I wanted to run a little scenario by you this week to help you understand how hormone balances can affect your daily lifestyle. So let’s run through a possible “Day in the Life of [Your Name].”

Today is Monday. You knew you were going to try to have healthy week, so you spent the weekend clearing out your cupboards and pantry, throwing away all of the ‘bad’ foods, doing your grocery shopping for your healthy alternatives, and then preparing your meals for the week. You are so proud of yourself because you feel really great anticipating that this is going to be a ‘good’ week. You have everything planned out, and you feel prepared. You are determined that your diet is going to work this time.

You go about your daily routine and by 10:00 a.m. everything has gone as planned and you are ready to eat your mid-morning snack, but before you know it, you are called into a meeting and as you have been summoned to be there quickly, you have to leave your healthy, natural snack on your desk. Before you know it, hunger sets. Still, what can you do? You can’t leave this important meeting — you’re stuck.

Now it’s 1:00 p.m. and you are starving. All you’ve had so far is the breakfast you ate at 7:45 a.m. It’s been over five hours since you ate. You just don’t know if you can manage to eat quickly enough, but as you think about that great salad you made, you realize you have lost the excitement you had about your beautiful homemade lunch. You are so hungry that a salad just isn’t going to get it for you. What a dilemma. Still, as hungry as you are, you decide you will just have to forego the salad and head out for the nearest cafe where you have more than you should to eat – and on top of that, not the most healthy choice. Still,with your stomach rumbling, and your intense hunger, you just have to get something “more substantial” inside you. So you justify it with the fact that you missed out on your snack and you had a stressful morning with that emergency meeting.

Before you know it, the guilt sets in. “Wow,” you say to yourself, “I really blew it. If only I hadn’t given in and just had the willpower to eat my salad. I know I would have felt better than I feel now – all bloated and heavy. How did I get to the point of skipping my healthy food and deviating from my diet – and this is just the first day. What am I going to do?”

Does this sound familiar?

Well, all is not lost. You can have a “do-over.” Don’t beat yourself up. Do better for your next meal and stay on track. Also, think this through a little further. Could your hormones be a little bit “out of whack?” Hormones and hormonal based-food cravings are hard to overcome. Did you know that hormones help to regulate metabolism, blood sugar control, stress, sleep, cravings and your weight.  I’m sure you’ve heard how important balancing your hormones is. Eating the right foods will help you to be in a better position to keep them balanced so that they work for you instead of against you.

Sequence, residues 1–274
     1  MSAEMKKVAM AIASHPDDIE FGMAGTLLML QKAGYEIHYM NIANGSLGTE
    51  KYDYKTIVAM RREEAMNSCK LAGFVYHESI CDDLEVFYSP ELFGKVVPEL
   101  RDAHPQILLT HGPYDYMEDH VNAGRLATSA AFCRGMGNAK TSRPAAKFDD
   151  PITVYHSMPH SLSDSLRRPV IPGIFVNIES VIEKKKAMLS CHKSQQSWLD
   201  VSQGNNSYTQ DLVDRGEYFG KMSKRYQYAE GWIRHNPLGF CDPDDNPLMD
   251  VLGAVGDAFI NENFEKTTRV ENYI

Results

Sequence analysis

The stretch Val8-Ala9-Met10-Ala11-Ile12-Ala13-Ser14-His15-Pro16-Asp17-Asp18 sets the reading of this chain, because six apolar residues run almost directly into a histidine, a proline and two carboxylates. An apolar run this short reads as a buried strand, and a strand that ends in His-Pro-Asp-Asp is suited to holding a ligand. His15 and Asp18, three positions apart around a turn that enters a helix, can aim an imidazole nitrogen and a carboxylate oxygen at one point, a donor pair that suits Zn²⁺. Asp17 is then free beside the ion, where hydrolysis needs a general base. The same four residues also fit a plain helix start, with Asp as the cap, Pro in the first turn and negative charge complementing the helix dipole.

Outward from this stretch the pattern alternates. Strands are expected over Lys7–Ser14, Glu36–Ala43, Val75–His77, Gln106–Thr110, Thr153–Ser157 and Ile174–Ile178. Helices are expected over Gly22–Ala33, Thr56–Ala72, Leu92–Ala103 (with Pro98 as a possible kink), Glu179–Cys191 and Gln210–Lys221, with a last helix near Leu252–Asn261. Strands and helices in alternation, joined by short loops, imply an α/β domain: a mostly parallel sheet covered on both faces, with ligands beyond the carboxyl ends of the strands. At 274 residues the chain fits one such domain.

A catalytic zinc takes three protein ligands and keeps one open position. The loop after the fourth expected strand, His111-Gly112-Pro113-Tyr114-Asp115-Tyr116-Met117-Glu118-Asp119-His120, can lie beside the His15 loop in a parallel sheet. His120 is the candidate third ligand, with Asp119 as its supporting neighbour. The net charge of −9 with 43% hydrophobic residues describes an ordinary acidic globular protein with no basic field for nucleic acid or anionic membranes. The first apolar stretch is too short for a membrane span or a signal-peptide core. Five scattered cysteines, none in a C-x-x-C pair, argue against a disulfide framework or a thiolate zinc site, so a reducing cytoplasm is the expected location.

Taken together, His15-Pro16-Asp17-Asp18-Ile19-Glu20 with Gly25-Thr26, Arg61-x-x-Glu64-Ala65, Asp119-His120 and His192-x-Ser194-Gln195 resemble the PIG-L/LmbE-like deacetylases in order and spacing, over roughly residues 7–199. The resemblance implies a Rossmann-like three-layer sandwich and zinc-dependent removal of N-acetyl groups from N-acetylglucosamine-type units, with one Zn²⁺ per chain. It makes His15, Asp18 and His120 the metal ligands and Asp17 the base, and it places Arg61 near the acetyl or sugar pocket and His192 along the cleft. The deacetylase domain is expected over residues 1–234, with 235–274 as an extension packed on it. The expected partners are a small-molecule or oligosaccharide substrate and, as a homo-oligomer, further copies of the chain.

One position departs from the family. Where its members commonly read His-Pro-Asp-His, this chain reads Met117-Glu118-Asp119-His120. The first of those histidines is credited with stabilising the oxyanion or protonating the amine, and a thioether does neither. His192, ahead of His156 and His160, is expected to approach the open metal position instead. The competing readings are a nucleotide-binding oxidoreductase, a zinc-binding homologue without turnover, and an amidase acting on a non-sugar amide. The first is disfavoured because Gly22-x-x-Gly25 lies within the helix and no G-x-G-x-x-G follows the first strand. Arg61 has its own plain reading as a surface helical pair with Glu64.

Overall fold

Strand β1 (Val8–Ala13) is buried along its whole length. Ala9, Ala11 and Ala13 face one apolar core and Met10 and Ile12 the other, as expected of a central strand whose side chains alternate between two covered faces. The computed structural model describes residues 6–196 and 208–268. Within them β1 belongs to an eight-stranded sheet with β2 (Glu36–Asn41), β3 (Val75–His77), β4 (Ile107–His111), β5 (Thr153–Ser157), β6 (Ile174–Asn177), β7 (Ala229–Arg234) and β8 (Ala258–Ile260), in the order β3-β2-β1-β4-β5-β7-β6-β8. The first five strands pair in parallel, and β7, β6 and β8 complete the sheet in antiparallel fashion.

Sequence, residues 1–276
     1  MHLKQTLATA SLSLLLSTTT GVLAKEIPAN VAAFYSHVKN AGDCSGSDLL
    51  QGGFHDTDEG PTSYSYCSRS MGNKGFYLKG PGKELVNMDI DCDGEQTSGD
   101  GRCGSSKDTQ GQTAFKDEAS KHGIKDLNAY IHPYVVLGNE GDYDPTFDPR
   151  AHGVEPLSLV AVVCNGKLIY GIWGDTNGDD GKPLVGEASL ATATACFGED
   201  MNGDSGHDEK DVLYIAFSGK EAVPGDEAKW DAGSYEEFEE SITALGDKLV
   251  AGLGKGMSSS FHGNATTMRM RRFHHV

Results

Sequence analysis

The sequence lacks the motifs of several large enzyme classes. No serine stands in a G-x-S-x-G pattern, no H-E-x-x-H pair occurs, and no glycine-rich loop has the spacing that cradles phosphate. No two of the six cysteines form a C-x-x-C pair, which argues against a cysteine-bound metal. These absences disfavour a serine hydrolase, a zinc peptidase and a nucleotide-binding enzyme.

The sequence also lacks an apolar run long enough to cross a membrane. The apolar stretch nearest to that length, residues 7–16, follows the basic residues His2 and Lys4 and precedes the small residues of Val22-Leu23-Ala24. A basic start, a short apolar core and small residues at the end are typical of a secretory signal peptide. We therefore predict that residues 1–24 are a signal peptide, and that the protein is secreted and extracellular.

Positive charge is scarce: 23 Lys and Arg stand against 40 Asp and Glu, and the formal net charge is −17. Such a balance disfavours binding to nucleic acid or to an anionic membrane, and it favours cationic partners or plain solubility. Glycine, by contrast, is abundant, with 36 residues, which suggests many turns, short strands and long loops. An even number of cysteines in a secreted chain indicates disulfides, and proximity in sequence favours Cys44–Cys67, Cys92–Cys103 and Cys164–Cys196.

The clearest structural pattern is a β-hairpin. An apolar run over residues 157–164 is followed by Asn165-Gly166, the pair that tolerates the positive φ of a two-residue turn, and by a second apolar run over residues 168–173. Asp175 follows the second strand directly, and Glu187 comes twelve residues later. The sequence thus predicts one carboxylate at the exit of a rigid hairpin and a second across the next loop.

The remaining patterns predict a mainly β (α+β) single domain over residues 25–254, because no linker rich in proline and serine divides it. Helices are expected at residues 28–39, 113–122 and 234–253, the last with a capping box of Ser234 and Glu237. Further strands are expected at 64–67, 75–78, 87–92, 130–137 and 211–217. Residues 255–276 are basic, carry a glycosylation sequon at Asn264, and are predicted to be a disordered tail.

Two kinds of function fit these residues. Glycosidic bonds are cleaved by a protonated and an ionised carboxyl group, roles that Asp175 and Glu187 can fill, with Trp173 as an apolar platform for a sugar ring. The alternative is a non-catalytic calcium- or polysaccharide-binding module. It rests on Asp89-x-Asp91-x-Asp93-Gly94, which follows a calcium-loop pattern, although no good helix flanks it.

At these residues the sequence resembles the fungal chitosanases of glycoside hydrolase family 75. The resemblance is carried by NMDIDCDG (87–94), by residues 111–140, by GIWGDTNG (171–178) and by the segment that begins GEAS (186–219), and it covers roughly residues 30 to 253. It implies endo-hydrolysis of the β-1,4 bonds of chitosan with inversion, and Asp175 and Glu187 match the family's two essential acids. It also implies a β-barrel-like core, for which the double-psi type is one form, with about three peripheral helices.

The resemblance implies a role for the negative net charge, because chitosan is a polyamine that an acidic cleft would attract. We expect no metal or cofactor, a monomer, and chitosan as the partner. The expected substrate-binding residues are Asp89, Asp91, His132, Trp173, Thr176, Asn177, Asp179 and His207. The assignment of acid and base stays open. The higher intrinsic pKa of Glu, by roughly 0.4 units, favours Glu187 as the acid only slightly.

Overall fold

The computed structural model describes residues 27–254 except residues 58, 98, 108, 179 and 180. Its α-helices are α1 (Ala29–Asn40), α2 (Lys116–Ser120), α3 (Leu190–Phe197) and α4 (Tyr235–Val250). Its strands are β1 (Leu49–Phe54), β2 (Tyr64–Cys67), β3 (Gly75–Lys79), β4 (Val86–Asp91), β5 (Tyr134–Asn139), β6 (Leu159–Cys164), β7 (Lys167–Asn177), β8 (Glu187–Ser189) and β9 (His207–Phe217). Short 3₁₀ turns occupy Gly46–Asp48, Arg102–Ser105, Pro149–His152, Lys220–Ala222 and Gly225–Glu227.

When your hormones are out of whack, you crave carbs or fatty foods. In addition to that, you will find yourself feeling hungry most of the time and you never quite feel full and satisfied. You are under stress, and as a result, you have difficulty sleeping. It’s a vicious cycle. When you are stuck in this cycle weight loss can be very difficult to achieve.

So how do you change this cycle and balance these four hormones that promote weight loss?

  1. Start your day with a breakfast made up of protein and fat. The combination of protein and fat promotes feelings of fullness, keeps blood sugar levels stable and signals the hypothalamus that you are full.
    Tip:  Try eating 2-3 whole eggs with 1 cup of vegetables cooked in 1/2 tsp. of coconut oil. Avoid all simple sugars, processed grains and foods with hidden sugars.
  2. Sugar promotes high levels of insulin secretion. This includes 100% whole wheat and whole grains. Replace your grains with high-fiber beans, lentils, fruits and vegetables.
  3. Eat every 3-4 hours. You should avoid snacking every two hours because if  you are constantly eating, your body doesn’t have time to use up the glucose, which is for energy, and never gives your hormones a break. Your meals should be big enough to keep you feeling full for four hours.
  4. Don’t over exercise or do long bouts of cardio. Since the aim is to reduce cortisol levels (stress), long bouts of cardio will create a stress response in the body. Instead, try short, intense workouts – like weightlifting or sprints. Also, your workouts should only last 30-45 minutes if you do them at the right intensity.
  5. Get 7-8 hours of sleep every night. This is important because your body repairs itself during sleep. Your liver completes its detoxification cycle and your pancreas processes out the remaining glucose. If you are not getting enough quality sleep, it creates a stress response, elevates insulin levels and causes you to crave carbs.

Balancing your hormones is vital to your goal of losing weight.

By following the five tips above, you can gain better control over your hormones and the weight will start to come off. The best part is that when you do the work to balance your hormones, losing weight isn’t so much of a battle anymore!

Do you feel that your hormones are out of balance making it hard to lose weight? If you need help figuring out what you should include in your diet or would like help with your daily diet plan, feel free to jump on a free call with me so that we can discuss your specific and individual goals and health concerns.